;

monuments


  • Let Us Now Remove Famous Men

    by Calvin Schermerhorn

    Should the statues remain up, doing the quiet work of reinforcing white supremacy while we get to work dismantling the interlocking components of structural racism? Or are the statues part of a 400-year history of violence against African-descended people that needs urgent attention and rectification?



  • Fear of a Black Planet (Part 1)

    by Scott Hancock

    With their AR-15s and assorted other guns, a few dozen people, “living in fear of my shade” plus truth and history, met us with anger and threats, unlike any other year the Confederacy has come back to Gettysburg. Fellow historians of every shade, we must respond.



  • Reimagining America’s Memorial Landscape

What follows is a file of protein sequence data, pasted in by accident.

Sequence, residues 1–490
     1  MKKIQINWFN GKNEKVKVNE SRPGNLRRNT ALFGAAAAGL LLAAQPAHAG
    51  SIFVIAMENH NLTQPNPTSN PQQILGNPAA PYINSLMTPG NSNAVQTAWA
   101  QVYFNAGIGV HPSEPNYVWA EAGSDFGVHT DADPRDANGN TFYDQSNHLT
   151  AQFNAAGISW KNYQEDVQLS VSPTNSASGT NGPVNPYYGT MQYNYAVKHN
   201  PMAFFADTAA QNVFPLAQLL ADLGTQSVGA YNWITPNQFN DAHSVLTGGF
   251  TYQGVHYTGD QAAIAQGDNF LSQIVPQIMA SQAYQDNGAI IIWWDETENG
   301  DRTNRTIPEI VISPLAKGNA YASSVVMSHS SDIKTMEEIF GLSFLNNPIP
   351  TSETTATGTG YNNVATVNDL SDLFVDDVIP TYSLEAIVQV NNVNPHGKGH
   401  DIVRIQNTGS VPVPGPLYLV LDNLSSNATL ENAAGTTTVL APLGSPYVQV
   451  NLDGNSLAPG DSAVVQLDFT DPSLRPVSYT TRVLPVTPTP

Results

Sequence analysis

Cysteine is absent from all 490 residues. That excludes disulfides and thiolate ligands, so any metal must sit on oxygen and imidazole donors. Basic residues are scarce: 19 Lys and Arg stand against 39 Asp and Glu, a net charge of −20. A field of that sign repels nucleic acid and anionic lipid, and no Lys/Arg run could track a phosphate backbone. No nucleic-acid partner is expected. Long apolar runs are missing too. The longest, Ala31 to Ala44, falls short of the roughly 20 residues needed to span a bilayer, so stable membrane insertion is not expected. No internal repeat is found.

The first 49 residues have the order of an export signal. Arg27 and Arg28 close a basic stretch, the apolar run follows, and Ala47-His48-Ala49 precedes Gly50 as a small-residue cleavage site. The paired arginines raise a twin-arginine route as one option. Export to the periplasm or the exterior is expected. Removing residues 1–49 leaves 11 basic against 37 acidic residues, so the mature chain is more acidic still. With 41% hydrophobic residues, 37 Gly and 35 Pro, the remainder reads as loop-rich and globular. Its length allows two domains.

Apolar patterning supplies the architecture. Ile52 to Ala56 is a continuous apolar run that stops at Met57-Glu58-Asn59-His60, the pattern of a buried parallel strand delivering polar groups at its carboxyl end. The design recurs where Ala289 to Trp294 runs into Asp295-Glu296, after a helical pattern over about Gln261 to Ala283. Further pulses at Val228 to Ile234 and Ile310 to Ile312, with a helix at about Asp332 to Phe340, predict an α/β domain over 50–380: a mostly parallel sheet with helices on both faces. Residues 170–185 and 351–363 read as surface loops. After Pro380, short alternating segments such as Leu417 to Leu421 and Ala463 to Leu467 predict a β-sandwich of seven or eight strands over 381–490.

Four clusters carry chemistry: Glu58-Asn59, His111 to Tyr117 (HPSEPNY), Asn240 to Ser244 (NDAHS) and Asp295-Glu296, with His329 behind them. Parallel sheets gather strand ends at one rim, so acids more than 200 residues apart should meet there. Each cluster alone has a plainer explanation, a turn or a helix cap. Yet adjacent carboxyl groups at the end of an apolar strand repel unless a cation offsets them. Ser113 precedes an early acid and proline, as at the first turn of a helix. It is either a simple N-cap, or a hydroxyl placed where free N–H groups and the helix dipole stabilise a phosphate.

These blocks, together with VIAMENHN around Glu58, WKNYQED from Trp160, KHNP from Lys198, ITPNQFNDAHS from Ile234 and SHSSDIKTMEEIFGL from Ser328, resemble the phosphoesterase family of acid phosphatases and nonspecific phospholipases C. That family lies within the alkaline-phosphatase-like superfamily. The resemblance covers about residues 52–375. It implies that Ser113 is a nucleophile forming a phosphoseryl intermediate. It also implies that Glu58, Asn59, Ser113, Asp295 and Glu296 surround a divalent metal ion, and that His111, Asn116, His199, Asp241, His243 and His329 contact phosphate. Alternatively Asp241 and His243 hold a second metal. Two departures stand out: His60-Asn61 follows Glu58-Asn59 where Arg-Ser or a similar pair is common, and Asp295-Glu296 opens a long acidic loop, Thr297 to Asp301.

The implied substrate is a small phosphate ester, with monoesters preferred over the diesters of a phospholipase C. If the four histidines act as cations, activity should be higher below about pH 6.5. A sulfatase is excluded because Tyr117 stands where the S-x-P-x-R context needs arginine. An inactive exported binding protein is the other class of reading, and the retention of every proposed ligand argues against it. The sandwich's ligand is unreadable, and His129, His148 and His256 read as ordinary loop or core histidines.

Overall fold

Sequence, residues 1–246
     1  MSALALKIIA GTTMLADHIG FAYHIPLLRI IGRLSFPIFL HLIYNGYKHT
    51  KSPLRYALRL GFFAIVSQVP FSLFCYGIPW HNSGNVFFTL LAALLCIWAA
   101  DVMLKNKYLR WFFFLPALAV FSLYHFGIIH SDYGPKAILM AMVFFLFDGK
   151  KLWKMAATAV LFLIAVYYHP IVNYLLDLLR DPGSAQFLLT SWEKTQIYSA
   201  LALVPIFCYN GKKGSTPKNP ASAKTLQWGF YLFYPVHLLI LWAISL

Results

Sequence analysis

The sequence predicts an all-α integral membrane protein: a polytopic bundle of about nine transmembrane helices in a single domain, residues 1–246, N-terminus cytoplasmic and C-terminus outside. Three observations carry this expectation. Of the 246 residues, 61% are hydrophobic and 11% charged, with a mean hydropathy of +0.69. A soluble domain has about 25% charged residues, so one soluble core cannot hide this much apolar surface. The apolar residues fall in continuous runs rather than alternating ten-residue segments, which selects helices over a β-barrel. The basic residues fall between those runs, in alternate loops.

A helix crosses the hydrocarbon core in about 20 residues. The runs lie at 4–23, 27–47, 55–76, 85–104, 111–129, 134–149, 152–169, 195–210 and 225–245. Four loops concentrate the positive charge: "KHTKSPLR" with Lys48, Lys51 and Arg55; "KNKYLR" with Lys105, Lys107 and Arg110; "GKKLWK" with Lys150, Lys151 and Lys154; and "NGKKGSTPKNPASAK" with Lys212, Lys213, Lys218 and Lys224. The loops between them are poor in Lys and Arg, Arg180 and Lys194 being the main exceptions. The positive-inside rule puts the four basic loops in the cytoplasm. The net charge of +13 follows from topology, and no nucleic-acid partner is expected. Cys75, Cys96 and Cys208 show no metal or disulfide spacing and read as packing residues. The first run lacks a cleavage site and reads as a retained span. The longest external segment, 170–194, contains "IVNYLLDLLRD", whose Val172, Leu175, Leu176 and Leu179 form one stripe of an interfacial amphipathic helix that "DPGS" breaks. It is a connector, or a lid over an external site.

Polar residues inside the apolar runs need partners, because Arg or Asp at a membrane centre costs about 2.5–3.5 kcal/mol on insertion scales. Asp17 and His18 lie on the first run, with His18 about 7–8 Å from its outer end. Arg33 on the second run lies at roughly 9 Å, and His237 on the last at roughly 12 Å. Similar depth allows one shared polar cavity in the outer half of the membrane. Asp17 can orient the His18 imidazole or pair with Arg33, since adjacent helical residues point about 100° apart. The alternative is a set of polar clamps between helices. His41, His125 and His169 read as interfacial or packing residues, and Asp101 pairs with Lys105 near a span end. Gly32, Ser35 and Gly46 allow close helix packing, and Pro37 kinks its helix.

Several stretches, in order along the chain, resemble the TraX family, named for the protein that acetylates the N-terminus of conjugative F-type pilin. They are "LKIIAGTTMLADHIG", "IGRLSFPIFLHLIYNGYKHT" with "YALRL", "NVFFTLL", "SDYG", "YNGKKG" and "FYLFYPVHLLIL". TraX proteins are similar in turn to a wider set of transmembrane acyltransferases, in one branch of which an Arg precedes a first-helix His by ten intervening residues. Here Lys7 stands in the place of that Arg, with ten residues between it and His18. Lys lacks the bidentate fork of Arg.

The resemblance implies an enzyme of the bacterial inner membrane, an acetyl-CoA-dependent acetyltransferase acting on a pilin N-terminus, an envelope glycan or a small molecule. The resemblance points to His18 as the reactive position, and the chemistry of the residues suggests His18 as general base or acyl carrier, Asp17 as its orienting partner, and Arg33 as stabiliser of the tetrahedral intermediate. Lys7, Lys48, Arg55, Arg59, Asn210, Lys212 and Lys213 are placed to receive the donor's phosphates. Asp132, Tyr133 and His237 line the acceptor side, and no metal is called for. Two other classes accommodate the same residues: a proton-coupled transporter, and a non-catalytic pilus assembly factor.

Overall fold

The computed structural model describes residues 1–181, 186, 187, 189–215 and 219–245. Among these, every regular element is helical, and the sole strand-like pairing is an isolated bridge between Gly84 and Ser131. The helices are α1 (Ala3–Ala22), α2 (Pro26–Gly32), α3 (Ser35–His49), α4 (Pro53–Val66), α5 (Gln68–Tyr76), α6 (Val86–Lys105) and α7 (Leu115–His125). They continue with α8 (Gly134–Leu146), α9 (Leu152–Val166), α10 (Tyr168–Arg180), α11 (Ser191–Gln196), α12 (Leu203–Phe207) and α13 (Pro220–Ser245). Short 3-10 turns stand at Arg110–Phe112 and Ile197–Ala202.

by David W. Blight

    As we are witnessing, the problem of the 21st century in this country is some agonizingly enduring combination of legacies bleeding forward from conquest, slavery and color lines. Freedom in its infinite meanings remains humanity’s most universal aspiration. How America reimagines its memorial landscape may matter to the whole world.



  • The Story Behind the Lee Statue in Richmond, Virginia

    by Peter Rachleff

    Now the time has come for the story of the Workingmen’s Reform Party, the building of Richmond’s City Hall, and the solidarity-based politics of the Black and white members of the Knights of Labor, to come out into the light.



  • How to Remember the Founders

    by Eli Merritt

    The Fourth of July is not a day to celebrate the Founders themselves, nor white independence, but the bracing principles and “inalienable rights” they fought for: freedom, equality and justice.